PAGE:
The Lycian Way is one of the world’s great long-distance hiking trails, regularly featuring in top-10 lists for its unique combination of Mediterranean views, mountainous hinterland, Turkish culture and ancient ruins.
Its pull on the imagination is undeniable, and it wasn’t long ago that its mix of stunning coastline, resort towns and rustic villages pulled me in. The 540km waymarked footpath – typically a 29-day trek – follows the bulging outline of the Teke Peninsula between the tourist towns of Fethiye and Antalya. Along the way, it skirts the coast and climbs up into the rugged backcountry. This stretch of dramatic Mediterranean coastline, its beaches and vertiginous sea cliffs overlooked by the olive-grove-dotted foothills of the Western Taurus Mountains, where travellers can explore moss-covered chambers of history’s first proto-democratic union.
Here lies the stomping ground of the mysterious Lycian League, credited with establishing the world’s first parliament at Patara, before they were absorbed by the Roman Empire. Their crumbling burial monuments add further lyricism to the scenery, and I couldn’t wait to experience the whole thing.
Along the Old Roads
The Lycian Way is hardly the country’s only popular footpath – the country boasts over a dozen official paths across the land. There’s the 500km climb of the St Paul trail, which leads into the Taurus rom the Antalya area. There’s the enormouse 820km Carian Trail, which meanders from the Milas area to the Datça and Bozburun Peninsulas (guiding you toward ancient sites like Lake Baga’s Neolithic cave paintings in the process).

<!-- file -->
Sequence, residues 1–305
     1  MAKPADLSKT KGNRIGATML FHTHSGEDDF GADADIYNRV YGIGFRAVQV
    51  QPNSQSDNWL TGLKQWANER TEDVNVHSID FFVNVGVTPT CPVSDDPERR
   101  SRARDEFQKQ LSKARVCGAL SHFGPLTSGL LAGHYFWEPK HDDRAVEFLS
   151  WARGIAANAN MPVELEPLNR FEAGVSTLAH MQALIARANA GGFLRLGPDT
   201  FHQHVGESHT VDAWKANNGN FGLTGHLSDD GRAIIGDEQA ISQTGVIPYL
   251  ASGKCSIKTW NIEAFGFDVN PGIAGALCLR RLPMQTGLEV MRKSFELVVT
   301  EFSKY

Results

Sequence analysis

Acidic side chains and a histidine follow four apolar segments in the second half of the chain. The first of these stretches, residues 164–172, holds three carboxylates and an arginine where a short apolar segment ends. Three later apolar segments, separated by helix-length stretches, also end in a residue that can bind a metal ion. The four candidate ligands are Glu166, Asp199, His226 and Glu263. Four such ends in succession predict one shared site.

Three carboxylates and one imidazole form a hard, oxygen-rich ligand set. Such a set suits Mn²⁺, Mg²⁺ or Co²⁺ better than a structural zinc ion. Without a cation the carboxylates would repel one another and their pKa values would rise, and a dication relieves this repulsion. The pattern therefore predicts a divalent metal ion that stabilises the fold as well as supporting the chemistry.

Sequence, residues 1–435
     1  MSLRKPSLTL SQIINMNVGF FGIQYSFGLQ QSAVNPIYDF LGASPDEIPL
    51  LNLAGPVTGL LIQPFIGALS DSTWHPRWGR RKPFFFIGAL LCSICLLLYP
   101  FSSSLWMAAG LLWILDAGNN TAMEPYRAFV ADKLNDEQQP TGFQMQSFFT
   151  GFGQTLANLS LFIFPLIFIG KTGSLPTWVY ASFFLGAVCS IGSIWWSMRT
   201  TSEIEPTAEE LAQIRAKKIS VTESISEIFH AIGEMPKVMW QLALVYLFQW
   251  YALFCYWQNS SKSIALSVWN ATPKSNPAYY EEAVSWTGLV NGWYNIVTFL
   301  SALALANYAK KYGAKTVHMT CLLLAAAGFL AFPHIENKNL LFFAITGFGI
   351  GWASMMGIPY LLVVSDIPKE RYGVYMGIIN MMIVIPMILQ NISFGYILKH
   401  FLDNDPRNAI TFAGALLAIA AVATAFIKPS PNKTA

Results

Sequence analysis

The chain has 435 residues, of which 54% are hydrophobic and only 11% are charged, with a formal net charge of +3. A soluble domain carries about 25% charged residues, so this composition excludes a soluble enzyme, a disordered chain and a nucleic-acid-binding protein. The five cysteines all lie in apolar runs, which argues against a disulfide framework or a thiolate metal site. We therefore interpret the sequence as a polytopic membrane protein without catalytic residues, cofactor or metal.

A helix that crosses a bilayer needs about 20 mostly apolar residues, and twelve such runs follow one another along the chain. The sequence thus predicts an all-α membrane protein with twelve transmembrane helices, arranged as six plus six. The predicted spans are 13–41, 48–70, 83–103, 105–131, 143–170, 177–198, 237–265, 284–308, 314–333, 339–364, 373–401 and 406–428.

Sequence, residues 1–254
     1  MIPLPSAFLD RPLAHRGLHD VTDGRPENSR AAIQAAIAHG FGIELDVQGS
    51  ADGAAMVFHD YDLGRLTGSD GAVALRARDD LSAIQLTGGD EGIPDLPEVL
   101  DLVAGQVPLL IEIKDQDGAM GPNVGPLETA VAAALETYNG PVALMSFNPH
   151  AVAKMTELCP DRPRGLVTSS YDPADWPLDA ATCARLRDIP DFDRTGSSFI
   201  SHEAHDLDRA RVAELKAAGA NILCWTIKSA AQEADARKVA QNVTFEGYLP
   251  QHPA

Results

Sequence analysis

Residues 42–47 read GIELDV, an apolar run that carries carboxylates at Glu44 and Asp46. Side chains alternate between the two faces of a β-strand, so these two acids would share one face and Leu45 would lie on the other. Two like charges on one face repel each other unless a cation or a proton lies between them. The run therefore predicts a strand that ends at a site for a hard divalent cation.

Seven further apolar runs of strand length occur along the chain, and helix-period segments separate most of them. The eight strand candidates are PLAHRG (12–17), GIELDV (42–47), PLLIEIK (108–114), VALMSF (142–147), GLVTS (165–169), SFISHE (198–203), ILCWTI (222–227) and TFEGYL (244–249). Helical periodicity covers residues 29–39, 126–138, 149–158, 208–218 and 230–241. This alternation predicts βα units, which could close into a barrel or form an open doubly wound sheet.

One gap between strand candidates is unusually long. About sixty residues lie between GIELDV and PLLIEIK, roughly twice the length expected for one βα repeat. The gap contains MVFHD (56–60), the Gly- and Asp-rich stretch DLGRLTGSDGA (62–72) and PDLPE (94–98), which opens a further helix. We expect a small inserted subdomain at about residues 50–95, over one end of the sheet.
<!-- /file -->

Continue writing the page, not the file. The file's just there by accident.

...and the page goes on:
But the Lycian Way remains Turkey’s original and most popular long-distance trail. The route was researched, designed and waymarked by British amateur historian Kate Clow in the late 1990s, who aimed to identify and protect Turkey’s ancient byways. Clow spent years exploring this sublimely beautiful part of Turkey and bringing local hill farmers round to her envisioned trail and the benefits of tourism (pick up her detailed Lycian Way guidebook and hiking maps if you plan on making the trip). I was attracted by the opportunity to mix uncrowded ruins and scenery with seaside holiday towns such as Kalkan and Kaş. Toasting a day’s hike with a seafront beer seemed more appealing than pitching my tent and wondering if I was going to encounter an Anatolian leopard.
The Lycian Way offered the chance to have my baklava and eat it.
In planning my own trip, I’d realized that I wouldn’t be able to do an full month on the trail. Not having a month to walk the full 540km, I decided to get a survey of the trail by walking day-long sections, and covering other sections using dolmuş minibuses. Mediterranean Turkey is well set up for tourism, and I met numerous hikers who had their bags driven to their next stop by an accommodating guesthouse owner. Village entrepreneurs have also opened pensions specifically to provide stopovers to hikers, which can neatly break up the walk between Kaş and Kaleköy. Ultimately, I didn’t use any specialised hiking services. And my choice to experience the trail in small chunks had the added benefit of cutting down on what I’d need to carry with me.
On my first day of leg stretching, I struck out from Fethiye, leaving its energetic Barlar Sokak (‘Bar St’), marinas and Lycian sarcophagi far below as I climbed the hill. I felt like Laurie Lee, the British writer, excitedly setting off for Spain in As I Walked Out One Midsummer Morning, except it was a sunny spring morning, well before summer temperatures make the going too hot. It was an easy start, just 5km on forest tracks to somewhere I had long wanted to visit – partly thanks to another book.
Over the hill was the ghost town of Levissi, the ruins of an old Greek settlement abandoned in the 1920s that shares a green valley with modern Kayaköy. Kayaköy’s lanes snake between vineyards and orchards to tumbledown houses, village cafes and pensions. It was magical to overnight here and see Levissi’s spot-lit churches standing sentinel over Kayaköy.
My next segment brought me from Ovacık, across the front of Baba Dağ (Father Mountain; 1960m) to Faralya, the village above Butterfly Valley.